Obviously, absolutely nothing is ideal. One drawback of the U-shape plan is the two corners, which are notorious for losing storage area. You can avoid this problem, however, by selecting cabinets that make effective use of corners. Another problem is the temptation to place work centers too far apart, considering that U-shape kitchens tend to be larger than most.
If you entertain often, don't forget to fit a bar into your remodel plans. A small nook with adequate room for spirits, bar equipment, and snacks will facilitate fetes. Ashley Patterson transformed a tight stove-top space in her outdated kitchen into a bright white bar cabinet perfect for storing stemware. The spot serves double duty as an organizational implement and a conversation piece.
If you want more counter and storage space, then adding a center island may be worth the cost. But an island can limit the number of people working in the kitchen, reduce traffic flow to one-way with no passing, and make for cramped quarters. Try out an island before committing to one. Slap together a full-scale model out of cardboard or plywood and live with it for a few days. Make sure you can open your stove and refrigerator doors. No space for an island? Consider a kitchen trolley instead.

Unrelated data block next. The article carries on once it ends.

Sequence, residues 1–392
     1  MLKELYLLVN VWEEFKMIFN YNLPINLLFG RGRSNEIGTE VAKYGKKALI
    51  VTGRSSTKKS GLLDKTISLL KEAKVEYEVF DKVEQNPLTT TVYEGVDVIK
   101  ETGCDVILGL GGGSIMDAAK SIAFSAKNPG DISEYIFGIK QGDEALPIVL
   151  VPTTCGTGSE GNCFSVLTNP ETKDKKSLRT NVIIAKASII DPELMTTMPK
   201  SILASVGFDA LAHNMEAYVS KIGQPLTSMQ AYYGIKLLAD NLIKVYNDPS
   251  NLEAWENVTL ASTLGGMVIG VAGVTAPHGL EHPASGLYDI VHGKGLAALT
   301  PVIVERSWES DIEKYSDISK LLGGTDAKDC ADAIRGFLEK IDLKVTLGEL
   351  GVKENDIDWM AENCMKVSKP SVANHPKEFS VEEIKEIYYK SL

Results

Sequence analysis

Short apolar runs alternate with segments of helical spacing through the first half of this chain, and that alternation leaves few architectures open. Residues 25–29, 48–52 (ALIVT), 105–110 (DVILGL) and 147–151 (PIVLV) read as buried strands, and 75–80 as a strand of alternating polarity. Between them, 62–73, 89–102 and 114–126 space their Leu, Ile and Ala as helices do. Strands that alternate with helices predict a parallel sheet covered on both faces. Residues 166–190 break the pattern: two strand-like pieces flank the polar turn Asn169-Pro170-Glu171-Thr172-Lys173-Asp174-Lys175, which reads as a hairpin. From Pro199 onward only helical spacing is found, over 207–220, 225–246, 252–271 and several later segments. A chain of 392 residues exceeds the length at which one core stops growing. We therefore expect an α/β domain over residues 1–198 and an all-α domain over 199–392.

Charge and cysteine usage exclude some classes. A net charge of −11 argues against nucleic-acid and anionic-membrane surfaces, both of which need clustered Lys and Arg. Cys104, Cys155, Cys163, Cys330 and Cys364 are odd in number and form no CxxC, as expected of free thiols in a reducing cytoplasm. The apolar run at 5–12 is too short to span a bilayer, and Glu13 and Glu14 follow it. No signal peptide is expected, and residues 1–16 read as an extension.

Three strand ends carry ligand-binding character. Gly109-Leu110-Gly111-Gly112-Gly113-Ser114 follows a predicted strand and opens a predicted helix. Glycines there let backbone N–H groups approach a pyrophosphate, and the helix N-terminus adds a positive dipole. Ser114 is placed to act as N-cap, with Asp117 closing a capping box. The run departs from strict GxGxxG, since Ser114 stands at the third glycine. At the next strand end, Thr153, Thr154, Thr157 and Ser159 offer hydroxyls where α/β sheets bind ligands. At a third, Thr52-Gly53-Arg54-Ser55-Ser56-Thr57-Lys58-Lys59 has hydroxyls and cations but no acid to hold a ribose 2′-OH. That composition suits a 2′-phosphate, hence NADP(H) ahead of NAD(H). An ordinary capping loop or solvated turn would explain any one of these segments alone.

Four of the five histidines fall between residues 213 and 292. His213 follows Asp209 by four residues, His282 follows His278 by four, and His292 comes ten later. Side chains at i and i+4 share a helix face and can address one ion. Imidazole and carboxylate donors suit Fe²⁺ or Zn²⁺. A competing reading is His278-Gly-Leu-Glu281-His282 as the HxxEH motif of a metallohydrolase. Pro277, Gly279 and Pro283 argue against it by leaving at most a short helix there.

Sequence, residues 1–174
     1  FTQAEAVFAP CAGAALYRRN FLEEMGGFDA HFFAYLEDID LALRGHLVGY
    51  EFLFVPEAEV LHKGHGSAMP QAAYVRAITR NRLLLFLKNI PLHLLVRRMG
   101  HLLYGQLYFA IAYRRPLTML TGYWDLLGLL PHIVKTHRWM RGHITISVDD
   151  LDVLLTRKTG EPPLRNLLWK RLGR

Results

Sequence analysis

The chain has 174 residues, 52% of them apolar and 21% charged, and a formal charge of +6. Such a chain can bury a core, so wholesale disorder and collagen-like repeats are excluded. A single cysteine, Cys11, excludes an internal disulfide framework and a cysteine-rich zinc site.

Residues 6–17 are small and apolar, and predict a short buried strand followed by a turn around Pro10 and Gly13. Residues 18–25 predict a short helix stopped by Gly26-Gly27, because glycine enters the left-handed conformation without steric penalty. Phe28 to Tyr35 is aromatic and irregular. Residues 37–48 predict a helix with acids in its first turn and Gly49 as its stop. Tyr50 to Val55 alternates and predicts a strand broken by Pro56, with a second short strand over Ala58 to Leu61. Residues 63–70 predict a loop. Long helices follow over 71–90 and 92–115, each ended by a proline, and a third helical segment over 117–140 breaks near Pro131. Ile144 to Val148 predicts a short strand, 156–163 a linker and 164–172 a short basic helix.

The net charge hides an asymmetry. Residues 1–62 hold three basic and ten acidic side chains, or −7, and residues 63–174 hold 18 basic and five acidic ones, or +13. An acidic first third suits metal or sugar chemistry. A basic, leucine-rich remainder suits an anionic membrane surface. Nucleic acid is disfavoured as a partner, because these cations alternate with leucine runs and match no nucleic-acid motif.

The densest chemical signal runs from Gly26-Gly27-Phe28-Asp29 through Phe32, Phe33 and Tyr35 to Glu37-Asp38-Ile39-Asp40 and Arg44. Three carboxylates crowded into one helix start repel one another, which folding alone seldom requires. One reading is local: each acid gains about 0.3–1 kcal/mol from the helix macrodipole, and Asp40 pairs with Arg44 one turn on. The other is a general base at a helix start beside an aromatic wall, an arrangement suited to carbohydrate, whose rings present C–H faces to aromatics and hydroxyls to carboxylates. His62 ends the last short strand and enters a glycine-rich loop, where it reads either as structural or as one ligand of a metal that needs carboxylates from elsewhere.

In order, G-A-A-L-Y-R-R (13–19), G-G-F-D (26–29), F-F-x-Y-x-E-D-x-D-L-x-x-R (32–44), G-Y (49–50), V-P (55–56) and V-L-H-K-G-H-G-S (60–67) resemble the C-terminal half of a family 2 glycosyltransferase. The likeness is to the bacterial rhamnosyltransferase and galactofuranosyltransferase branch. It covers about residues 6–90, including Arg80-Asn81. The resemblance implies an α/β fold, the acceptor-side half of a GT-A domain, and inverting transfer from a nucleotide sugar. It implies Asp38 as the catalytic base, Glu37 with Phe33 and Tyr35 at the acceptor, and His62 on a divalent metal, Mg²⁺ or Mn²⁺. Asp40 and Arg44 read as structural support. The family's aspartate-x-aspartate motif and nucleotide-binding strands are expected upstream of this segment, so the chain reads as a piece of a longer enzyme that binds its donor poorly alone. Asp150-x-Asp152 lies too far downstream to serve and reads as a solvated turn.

There's a lot to love about this kitchen designed by Arent & Pyke, but we're particularly impressed by the careful, asymmetrical balance happening here. The hood leans to the right of the room, as do the bar stools, which is subtlety reflected in the cream lumbar pillow camouflaging into the sofa. Meanwhile, the linear floating shelf in line with the hood as well as the light fixture, island counter, and sofa form a soothing sense of symmetry.